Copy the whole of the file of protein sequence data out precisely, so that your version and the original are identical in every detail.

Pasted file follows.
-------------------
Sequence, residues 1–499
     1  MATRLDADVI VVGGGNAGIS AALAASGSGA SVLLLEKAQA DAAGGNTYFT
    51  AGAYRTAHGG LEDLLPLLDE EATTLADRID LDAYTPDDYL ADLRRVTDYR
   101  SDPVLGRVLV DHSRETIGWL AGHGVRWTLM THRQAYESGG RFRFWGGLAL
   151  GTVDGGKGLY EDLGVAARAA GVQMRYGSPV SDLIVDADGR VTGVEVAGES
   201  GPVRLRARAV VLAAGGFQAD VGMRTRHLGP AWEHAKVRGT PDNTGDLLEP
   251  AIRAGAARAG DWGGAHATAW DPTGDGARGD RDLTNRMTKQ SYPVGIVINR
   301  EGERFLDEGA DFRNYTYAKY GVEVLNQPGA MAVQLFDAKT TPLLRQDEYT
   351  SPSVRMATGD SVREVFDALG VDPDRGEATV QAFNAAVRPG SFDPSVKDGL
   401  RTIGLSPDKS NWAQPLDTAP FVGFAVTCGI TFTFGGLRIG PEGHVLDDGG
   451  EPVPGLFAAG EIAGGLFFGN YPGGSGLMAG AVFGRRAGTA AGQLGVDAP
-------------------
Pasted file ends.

Sequence, residues 1–499
     1  MATRLDADVI VVGGGNAGIS AALAASGSGA SVLLLEKAQA DAAGGNTYFT
    51  AGAYRTAHGG LEDLLPLLDE EATTLADRID LDAYTPDDYL ADLRRVTDYR
   101  SDPVLGRVLV DHSRETIGWL AGHGVRWTLM THRQAYESGG RFRFWGGLAL
   151  GTVDGGKGLY EDLGVAARAA GVQMRYGSPV SDLIVDADGR VTGVEVAGES
   201  GPVRLRARAV VLAAGGFQAD VGMRTRHLGP AWEHAKVRGT PDNTGDLLEP
   251  AIRAGAARAG DWGGAHATAW DPTGDGARGD RDLTNRMTKQ SYPVGIVINR
   301  EGERFLDEGA DFRNYTYAKY GVEVLNQPGA MAVQLFDAKT TPLLRQDEYT
   351  SPSVRMATGD SVREVFDALG VDPDRGEATV QAFNAAVRPG SFDPSVKDGL
   401  RTIGLSPDKS NWAQPLDTAP FVGFAVTCGI TFTFGGLRIG PEGHVLDDGG
   451  EPVPGLFAAG EIAGGLFFGN YPGGSGLMAG AVFGRRAGTA AGQLGVDAP